Builder confidence in the market for new single-family homes was down two points in October (from a downwardly revised level in September) to 55 on the National Association of Home Builders/Wells Fargo Housing Market Index (HMI).
NAHB Chairman Rick Judson, a homebuilder from Charlotte, NC, said the October dip resulted from ongoing labor cost and availability challenges--as well as the uncertainty in Washington DC.
Judson added, "Builder optimism remains above 50 and we are still seeing signs of pent-up demand in many markets across the country."
"A spike in mortgage interest rates along with the paralysis in Washington that led to the government shutdown and uncertainty regarding the nation's debt limit have caused builders and consumers to take pause," said NAHB Chief Economist David Crowe. "However, interest rates remain near historic lows and we don't expect the level of rates to have a major impact on sales and starts going forward. Once this government impasse is resolved, we expect builder and consumer optimism will bounce back."
The three components of the HMI fell two points each in October 2013.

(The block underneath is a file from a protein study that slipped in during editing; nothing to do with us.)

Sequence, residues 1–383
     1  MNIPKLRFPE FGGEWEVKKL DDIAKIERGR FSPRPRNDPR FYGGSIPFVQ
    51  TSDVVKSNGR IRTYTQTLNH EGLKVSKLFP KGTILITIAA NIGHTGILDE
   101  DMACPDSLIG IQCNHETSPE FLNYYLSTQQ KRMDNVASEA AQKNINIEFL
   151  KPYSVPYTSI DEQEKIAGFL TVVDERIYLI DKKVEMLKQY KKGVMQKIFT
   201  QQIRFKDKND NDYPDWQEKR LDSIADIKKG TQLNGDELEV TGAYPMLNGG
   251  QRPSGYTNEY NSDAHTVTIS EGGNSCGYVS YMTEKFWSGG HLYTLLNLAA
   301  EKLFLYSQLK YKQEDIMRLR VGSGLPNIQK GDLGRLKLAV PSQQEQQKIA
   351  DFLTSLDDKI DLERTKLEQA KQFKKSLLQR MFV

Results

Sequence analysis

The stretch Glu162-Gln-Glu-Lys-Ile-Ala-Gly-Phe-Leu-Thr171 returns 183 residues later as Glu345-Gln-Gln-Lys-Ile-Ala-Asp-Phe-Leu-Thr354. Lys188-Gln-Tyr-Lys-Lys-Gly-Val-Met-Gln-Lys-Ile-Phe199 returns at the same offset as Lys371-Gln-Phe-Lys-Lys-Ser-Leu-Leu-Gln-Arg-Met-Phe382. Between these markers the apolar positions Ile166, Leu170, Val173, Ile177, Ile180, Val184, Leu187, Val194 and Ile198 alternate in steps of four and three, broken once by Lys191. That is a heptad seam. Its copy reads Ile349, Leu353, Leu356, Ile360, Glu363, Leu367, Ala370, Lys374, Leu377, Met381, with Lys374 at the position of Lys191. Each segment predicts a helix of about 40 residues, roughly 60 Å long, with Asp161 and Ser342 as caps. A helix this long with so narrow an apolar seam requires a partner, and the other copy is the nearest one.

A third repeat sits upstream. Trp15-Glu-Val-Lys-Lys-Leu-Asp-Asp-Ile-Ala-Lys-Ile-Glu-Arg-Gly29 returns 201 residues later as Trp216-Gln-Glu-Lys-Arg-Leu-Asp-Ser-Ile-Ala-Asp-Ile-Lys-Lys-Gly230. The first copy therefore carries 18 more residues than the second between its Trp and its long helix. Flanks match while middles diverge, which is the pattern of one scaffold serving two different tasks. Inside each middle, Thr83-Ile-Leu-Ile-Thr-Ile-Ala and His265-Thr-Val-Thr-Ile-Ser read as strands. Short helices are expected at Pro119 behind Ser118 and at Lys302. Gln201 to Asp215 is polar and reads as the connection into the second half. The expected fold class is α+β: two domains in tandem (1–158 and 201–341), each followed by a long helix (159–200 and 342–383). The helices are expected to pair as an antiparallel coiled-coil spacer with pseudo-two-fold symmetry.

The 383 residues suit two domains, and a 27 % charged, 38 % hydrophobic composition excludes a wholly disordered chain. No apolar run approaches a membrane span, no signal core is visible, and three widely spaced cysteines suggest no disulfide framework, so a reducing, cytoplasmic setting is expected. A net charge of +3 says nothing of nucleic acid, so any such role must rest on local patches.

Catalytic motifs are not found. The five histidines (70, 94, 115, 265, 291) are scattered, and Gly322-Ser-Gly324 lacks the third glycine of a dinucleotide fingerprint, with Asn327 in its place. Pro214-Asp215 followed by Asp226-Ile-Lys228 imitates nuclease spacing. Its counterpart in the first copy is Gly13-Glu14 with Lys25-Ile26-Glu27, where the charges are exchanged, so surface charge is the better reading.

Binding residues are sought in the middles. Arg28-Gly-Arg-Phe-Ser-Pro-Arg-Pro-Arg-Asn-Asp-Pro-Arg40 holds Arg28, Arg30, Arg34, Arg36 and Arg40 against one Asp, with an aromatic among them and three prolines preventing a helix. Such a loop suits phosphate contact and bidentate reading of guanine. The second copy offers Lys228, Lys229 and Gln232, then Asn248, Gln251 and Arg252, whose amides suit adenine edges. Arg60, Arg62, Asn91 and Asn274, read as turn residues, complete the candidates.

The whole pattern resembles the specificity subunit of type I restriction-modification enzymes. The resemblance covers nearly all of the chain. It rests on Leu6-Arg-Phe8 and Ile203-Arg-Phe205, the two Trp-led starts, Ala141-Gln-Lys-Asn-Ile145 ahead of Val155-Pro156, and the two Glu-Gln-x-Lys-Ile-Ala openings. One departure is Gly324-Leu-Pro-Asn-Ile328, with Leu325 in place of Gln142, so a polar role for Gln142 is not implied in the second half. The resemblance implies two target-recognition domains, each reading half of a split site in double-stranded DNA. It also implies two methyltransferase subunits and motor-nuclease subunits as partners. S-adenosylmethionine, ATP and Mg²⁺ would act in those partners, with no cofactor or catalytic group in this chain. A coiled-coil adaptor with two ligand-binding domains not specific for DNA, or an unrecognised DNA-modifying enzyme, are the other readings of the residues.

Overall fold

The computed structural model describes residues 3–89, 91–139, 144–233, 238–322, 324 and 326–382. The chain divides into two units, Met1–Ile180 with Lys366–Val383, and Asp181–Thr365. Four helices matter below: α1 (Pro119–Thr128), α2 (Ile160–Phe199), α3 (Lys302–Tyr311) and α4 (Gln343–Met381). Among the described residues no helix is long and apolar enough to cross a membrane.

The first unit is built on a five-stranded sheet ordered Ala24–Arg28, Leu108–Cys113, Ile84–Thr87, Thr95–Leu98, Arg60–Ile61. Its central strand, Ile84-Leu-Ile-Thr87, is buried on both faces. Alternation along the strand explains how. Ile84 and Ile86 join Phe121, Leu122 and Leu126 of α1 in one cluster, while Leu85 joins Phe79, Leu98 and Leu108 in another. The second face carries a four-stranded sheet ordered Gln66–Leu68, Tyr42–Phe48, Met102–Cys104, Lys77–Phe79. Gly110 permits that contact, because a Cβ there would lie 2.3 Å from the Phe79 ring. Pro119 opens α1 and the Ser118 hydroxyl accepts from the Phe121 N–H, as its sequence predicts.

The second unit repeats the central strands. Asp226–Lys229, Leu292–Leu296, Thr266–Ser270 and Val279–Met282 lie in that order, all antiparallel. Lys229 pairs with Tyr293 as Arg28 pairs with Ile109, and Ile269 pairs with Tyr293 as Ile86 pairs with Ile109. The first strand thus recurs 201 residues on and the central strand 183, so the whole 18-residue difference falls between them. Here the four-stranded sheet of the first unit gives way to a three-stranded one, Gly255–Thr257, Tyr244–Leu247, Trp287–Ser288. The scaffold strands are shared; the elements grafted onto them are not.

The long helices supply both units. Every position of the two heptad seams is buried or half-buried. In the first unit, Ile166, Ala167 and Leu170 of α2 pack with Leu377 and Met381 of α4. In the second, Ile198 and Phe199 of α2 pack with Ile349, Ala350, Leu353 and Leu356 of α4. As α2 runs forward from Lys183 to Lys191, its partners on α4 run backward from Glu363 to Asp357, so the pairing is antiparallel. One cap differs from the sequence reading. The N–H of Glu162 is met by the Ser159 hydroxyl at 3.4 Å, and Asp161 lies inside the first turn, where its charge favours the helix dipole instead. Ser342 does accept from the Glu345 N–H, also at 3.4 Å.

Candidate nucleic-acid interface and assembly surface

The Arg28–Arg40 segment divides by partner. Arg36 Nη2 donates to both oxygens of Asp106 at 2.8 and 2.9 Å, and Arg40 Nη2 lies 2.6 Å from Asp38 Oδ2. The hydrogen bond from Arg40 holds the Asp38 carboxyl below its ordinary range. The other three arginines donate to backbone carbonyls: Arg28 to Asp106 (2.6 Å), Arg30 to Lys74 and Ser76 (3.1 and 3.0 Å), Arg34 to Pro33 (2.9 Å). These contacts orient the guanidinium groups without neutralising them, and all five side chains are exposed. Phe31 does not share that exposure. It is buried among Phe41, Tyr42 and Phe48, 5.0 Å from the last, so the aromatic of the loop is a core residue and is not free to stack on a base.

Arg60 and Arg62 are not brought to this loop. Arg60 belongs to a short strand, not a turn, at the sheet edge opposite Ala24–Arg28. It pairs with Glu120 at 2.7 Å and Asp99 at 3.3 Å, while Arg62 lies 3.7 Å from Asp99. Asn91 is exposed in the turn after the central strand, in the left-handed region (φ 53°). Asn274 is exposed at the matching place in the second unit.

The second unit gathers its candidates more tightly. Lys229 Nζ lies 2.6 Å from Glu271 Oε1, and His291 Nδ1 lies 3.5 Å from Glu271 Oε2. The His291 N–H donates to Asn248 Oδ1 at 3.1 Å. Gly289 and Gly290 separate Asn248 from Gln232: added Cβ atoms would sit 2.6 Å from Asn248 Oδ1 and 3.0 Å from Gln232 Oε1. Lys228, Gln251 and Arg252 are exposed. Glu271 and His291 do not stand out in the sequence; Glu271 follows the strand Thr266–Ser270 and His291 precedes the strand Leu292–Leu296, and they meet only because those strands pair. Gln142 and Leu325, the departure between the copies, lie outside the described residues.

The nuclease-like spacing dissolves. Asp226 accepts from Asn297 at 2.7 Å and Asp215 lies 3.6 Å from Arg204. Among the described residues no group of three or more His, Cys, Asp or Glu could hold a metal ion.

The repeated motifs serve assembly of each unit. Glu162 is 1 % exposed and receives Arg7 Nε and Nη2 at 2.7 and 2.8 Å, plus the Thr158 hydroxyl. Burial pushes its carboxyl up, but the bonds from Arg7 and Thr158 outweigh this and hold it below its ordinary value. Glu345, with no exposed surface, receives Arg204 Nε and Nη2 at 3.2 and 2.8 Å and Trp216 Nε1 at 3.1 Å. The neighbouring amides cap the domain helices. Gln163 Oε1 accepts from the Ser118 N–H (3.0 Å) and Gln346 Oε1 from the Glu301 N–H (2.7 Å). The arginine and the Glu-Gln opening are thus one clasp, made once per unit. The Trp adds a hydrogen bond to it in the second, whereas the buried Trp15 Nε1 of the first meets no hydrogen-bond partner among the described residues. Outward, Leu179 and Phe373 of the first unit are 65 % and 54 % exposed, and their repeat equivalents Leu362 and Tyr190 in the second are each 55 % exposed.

* The component gauging current sales conditions: 58
* The component gauging sales expectations in the next six months: 62.
* The component gauging traffic of prospective buyers: 44.
When the federal government shutdown prevented the U.S. Census Bureau from releasing a housing starts estimate for September, NAHB prepared an estimate of its own. NAHB estimated the seasonally adjusted annual rate of construction for single-family homes was between 620,000 and 630,000 units in September. The pace of construction of multifamily units added an estimated 255,000 to 270,000. The estimated pace of all September 2013 housing starts was between 875,000 and 900,000 units.
"The NAHB estimate of 875,000 to 900,000 total housing starts is based on continuing improvement in single-family starts and ongoing volatility in multifamily construction," said Crowe.
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